Pan-Africa’s mobile telecoms giants
Africa’s major telecoms players may soon be a combination of South
African and Indian firms but rapid changes are afoot and other
pan-African operators could yet emerge from any part of the continent?
It is a breathless time to be a pan-African mobile phone operator. When executives are not scratching their heads about how to market data services to an internet-hungry continent, they may be plotting to feed on the cheap, fast international connectivity on offer from newly-arrived fibreoptic cables. Or they may be sitting tight-fisted through boardroom buyout talks. The latter is because some kind of South-South consolidation is imminent. South Africa’s MTN and Indian telecoms giant Bharti have pushed back their deadline for revitalised merger talks until 30 September as they hammer out the details of a deal that could create the world’s third largest mobile company, with over 200m subscribers. After discussions with French group Vivendi to sell its African operations recently fell through, Kuwaiti-based Zain decided instead to sell a 46% stake of its business on 8 September to a consortium of Asian telecoms companies including India’s Vavasi Group and Malaysian billionaire Syed Mokhtar-al-Bukhary. Another Mumbai-based conglomerate, Essar, which already owns a mobile licence to operate in Uganda, is also in talks with Dhabi-based Warid Telecom, which has operations in Uganda, Congo and a GSM licence in Côte d’Ivoire.?
Indian firms are no strangers to Africa, as they are eager to find new markets where they can put to use their expertise of penetrating hard-to-reach rural customers with ARPUs (average return per user) as low as $2. “In comparison with Indian, African operations are expensive,” says Rajiv Mehrotra, an Indian telecoms entrepreneur and founder of VNL, whose low-cost solar-powered mobile base stations are soon to launch in North and West Africa. “India is the toughest battlefield where the war is being fought over mobile business. If you can survive in this market and make money… then Indian companies will be successful anywhere in the globe.”?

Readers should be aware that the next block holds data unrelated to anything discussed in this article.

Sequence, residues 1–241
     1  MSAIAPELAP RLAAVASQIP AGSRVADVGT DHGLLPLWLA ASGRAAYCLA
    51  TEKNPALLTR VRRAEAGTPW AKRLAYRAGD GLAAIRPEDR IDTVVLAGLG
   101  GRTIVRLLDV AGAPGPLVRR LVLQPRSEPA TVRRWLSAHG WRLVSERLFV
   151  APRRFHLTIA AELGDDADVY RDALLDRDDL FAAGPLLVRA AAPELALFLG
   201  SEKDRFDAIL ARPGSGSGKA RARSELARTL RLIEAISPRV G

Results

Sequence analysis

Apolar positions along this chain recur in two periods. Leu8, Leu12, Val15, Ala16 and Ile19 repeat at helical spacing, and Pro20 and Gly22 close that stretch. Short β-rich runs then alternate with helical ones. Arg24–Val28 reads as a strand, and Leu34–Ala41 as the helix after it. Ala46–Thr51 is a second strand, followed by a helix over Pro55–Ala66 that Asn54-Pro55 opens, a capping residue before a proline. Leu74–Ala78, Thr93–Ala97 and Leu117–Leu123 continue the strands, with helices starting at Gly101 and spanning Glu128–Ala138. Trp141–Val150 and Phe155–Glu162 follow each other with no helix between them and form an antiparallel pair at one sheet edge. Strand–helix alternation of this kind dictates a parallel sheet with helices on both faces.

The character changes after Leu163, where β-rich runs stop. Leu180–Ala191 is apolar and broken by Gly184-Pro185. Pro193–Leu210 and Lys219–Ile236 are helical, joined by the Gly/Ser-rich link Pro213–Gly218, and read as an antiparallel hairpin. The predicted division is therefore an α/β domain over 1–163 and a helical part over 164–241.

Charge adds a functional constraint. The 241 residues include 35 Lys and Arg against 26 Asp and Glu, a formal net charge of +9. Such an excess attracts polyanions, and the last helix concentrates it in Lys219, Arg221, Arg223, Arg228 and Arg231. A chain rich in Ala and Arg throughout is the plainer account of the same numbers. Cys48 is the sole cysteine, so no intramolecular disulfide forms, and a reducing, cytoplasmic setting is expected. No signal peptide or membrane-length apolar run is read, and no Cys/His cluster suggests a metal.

Dropped like a hot potato ?
Still, the problems Zain has had in attracting a buyer for its African operations, and the fact that it is trying to sell them so soon after rebranding them from Celtel in 2008, is a sign of the uncertainty over where the long-term value lies in the African market. “It’s a classic mismatch between seller and expectation,” Russell Southwood, CEO of Balancing Act, a consultancy focused on telecoms and internet in Africa, says of the failed Vivendi-Zain deal. “I suspect Vivendi offered them a price that they didn’t find acceptable, precisely because Vivendi took the view that prices had gone down and Zain probably feels that in the longer term, they will go up.” The slow courtship between MTN and Bharti also hinges on price. Reports suggest MTN is pushing Bharti to raise its original offer by $1bn in what would be a complex split-share deal with both companies owning a percentage of the other.
Africa saw the world’s fastest growth in mobile phones in 2008, but ARPUs are dropping as operators move on to target lower-income customers (see graphs). According to a report on technology and innovation published as part of the AfDB and OECD’s 2009 African Economic Outlook, mobile penetration rates vary dramatically across the continent, from 3.4% in Ethiopia, Eritrea and Somalia, to approaching 100% in North African countries such as Libya, Algeria and Tunisia.